In a Pickle

Ann H Gabhart Ann's Posts, One Writer's Journal

” In a pickle” – To be in a pickle is to find oneself in a difficult position. It seems that in 1611, Shakespeare was the first to use the actual phrase “in a pickle” in The Tempest, although the references to “ill pickles” and “this pickle” can be traced back to the 1500s or even earlier. Some of the info I read said the word pickle first referred to the spices or concoctions that did the pickling instead of to the vegetables such as cucumbers that were pickled. 

So now you know more than you probably ever wanted to know about the origin of “in a pickle.” But I enjoy finding out why we say the things we do. Plus when you’re a writer of historical fiction, you need to make sure you don’t use a phrase that wasn’t in common usage at the time of your story. Used to be the answers were harder to find, but now the internet pops up dozens of answers to the origin of “in a pickle.” Today your problem is knowing which internet site or information to believe. That can put you in a pickle.

I’m thinking about pickles because I made some pickles last weekend. Well, I finished up making the pickles. These are 21 day pickles. It never fails that when I first put my cucumbers in the brine to begin the 3 week process that the end time comes when I’m extra busy and don’t have time for pickles. That’s the way it was this weekend with my granddaughters visiting and then me having to go stay with Mom after they went home. So these pickles are 22 or maybe 23 day pickles. But they taste fine. I just boiled the vinegar pickling solution to pour over them a couple of extra times.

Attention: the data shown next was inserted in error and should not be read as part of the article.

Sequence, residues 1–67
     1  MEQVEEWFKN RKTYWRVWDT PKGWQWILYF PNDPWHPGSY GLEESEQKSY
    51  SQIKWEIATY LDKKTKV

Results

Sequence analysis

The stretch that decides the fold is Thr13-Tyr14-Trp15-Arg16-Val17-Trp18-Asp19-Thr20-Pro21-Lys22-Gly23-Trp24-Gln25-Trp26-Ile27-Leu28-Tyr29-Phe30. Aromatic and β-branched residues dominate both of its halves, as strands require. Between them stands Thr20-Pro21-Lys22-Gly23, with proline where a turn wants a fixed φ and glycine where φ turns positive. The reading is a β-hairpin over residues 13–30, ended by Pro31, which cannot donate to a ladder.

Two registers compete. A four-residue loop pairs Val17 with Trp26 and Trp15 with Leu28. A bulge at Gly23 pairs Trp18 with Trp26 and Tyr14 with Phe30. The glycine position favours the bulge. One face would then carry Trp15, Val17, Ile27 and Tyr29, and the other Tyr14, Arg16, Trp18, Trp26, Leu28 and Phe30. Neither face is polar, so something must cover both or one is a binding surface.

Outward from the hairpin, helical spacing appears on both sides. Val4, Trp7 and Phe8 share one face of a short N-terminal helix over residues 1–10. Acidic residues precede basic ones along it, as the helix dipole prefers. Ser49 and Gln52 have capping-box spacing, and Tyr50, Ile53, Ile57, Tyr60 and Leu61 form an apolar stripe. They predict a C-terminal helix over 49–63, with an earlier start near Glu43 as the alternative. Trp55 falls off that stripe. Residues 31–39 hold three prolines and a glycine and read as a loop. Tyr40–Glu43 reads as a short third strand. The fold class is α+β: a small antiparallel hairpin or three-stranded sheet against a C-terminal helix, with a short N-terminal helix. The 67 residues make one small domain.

Pickles aren’t the only thing I think I’ll have plenty of time for when I set out to make them. Books can be that way too. I’m in a give-my-storytelling-brain-a-break time right now. But I’m going to have to jump into research and writing again very soon. First I’ll have to work through the galleys of Words Spoken True and I’ll be sure to have editorial fixes for The Gifted. Then I’ll be looking forward to that deadline for my next story that is months away, but the older I get the more I realize how fast those months spin by. 

I am not a writer who can push out a story in a few weeks. I know writer friends who are able to do that. They can write a book over a long weekend or in a couple of weeks. My brain doesn’t seem to work that way. I have to let my creative well fill and sometimes the story seeps in very slow. Of course my friends have been letting their story seep into their minds before they begin the actual writing process. But I have to dip my story out of the well and then let the story water seep back in. Very rarely do the scenes rush in at least until the last few chapters. 

So generally – because I have an obviously inflated opinion of how quickly that well will fill – I end up in a pickle and find myself wanting to add a few more months to my deadline.  

This last deadline was a rough one since I’ve been having to sit with Mom and don’t have that alone time my creative thinking needs. My sister was sympathizing with me and said, “That sounds like work.” And writing is work, but it’s work I love doing even when I get myself in a deadline pickle.

Have you ever gotten yourself in a pickle? Thanks for reading.